Courtesy Jakub Mosur


“Abortion is Healthcare” GPS artwork by Jakub Mosur.


Courtesy Jakub Mosur

GPS artwork by Jakub Mosur encouraging people to vote.

GPS artwork by Jakub Mosur encouraging people to vote.


Courtesy Jakub Mosur


Some of GPS artist Jakub Mosur’s political artwork. (Courtesy Jakub Mosur)

Continuing the protest

Since his first post, he has continued to draw art pieces to bring awareness to the protests in Iran. In one post, he drew the Farsi word “azadi,” which means freedom, a message for Sharif University students who helped lead the protests and other Iranians who have been jailed by the country’s authorities.

Mosur also participated in an in-person protest in San Francisco against the Iranian government, and his political work even led to an interview with BBC Persia.

“I’ve done journalism in the past. I probably reached more eyeballs through this than any story that ever was published,” he noted.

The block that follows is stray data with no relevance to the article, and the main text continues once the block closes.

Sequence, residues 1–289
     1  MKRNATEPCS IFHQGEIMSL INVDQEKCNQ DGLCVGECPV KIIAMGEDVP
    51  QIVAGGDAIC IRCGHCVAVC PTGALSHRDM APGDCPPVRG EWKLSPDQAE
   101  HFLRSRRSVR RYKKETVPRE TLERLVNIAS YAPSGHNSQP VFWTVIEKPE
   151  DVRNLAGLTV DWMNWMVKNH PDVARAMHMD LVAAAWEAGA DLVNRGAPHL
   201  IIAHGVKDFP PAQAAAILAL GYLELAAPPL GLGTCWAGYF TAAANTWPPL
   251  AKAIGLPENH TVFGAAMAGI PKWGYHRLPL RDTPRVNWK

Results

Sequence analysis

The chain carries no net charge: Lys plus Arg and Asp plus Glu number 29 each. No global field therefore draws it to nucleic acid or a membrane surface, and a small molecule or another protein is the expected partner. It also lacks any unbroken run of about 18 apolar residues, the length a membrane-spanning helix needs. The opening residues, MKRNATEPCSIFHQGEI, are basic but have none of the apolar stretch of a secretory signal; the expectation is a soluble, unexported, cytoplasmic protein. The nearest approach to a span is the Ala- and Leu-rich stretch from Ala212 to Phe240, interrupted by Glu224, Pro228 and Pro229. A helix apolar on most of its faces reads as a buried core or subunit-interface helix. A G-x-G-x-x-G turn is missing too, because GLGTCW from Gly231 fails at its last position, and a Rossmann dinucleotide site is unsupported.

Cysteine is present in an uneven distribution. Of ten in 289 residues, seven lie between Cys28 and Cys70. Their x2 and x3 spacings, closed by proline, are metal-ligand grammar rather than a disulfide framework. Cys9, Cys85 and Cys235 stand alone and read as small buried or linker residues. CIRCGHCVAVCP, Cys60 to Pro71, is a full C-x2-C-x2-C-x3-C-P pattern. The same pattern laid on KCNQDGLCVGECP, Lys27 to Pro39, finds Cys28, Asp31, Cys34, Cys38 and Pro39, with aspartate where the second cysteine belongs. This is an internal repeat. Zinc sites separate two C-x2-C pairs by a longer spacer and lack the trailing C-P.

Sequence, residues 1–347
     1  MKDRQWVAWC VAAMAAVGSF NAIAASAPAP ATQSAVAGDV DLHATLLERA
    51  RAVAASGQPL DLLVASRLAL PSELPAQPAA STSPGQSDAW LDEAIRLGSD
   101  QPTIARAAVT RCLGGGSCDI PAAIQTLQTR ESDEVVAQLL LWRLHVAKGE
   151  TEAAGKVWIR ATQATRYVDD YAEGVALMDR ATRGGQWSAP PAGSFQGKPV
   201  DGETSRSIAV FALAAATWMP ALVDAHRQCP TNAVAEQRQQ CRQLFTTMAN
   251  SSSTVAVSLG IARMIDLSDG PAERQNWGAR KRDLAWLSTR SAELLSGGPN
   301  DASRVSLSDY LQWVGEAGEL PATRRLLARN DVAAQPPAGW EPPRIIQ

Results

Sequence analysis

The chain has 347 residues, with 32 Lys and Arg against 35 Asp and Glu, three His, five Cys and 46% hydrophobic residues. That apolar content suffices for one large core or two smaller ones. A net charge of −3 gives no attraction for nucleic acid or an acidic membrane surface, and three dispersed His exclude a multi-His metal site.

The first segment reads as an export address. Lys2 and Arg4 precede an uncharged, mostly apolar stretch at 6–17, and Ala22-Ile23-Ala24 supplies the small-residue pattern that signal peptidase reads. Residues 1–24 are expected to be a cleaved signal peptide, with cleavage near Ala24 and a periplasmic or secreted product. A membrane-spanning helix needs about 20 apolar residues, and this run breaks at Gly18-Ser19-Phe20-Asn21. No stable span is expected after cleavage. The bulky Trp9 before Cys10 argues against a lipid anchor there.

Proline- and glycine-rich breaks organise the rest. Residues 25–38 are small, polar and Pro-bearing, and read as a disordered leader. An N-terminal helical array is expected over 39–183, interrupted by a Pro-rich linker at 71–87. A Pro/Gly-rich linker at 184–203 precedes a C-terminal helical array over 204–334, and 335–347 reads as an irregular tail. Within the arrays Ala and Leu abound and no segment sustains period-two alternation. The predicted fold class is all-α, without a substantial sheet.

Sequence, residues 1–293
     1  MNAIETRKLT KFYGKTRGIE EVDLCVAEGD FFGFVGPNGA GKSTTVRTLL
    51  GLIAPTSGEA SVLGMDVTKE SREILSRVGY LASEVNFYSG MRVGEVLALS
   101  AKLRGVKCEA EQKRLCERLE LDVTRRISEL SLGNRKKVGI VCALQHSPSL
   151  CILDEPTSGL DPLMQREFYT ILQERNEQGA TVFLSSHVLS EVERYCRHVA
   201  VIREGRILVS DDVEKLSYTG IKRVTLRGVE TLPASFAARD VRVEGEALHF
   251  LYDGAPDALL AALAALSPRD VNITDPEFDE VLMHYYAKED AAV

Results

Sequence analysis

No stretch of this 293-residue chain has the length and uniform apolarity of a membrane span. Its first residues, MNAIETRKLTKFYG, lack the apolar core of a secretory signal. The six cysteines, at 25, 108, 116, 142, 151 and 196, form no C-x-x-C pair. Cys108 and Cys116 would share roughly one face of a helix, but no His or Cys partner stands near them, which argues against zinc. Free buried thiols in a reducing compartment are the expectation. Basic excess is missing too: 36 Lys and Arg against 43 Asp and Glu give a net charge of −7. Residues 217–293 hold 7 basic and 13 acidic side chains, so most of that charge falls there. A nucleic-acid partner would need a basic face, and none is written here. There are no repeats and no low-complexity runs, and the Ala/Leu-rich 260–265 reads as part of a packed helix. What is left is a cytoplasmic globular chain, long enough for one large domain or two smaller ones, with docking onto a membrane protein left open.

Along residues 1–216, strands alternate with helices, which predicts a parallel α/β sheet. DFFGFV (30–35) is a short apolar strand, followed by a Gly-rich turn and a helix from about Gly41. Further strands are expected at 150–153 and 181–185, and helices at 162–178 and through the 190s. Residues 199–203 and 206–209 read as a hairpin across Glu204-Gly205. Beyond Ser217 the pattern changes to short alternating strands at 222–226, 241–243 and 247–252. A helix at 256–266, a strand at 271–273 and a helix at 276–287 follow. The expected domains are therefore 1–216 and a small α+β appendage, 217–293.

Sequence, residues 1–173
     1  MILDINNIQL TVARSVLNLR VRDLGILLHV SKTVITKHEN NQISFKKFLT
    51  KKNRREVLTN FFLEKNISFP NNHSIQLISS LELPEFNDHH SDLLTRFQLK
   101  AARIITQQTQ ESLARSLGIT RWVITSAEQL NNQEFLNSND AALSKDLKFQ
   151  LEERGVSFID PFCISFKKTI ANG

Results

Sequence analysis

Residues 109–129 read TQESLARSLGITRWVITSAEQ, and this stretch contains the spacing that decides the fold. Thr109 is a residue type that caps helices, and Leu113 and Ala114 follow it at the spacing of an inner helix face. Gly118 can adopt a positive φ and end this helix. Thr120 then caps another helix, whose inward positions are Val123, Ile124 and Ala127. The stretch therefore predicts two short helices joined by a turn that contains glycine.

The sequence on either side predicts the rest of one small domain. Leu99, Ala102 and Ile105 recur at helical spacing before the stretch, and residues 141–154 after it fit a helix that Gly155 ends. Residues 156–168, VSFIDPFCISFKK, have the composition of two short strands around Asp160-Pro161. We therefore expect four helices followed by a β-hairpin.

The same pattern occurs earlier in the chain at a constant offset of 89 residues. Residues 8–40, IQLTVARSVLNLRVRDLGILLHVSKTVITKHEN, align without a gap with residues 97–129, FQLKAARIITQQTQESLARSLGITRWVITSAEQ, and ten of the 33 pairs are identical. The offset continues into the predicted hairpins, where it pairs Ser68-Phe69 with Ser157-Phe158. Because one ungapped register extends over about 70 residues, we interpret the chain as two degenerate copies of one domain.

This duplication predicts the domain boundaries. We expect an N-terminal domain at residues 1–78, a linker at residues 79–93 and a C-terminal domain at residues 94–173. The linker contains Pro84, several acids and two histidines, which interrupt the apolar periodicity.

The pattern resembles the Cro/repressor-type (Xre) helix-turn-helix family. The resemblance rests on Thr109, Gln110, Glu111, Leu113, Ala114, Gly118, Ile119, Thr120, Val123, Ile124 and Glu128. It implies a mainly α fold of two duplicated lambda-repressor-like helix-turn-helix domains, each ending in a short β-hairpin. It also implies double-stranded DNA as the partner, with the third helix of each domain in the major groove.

Jakub Mosur was interviewed by BBC Persian about his GPS art in support of the protests in Iran sparked by the death of Mahsa Amini.

Jakub Mosur was interviewed by BBC Persian about his GPS art in support of the protests in Iran sparked by the death of Mahsa Amini.

Courtesy Jakub Mosur

Mosur has no plans to stop bringing awareness to the Iran protests. He feels they have not been adequately covered in the media and hopes the country’s government will change in the near future.

GPS artist Jakub Mosur poses with his fixed-gear bicycle on Potrero Hill in San Francisco, Calif., on Oct. 25, 2022.

GPS artist Jakub Mosur poses with his fixed-gear bicycle on Potrero Hill in San Francisco, Calif., on Oct. 25, 2022.

Douglas Zimmerman/SFGATE

“I want to continue pushing the narratives of more human freedoms, equality for all genders, equality for all sexual identities and equality for all minorities,” he added.



Leave a Comment

Your email address will not be published. Required fields are marked *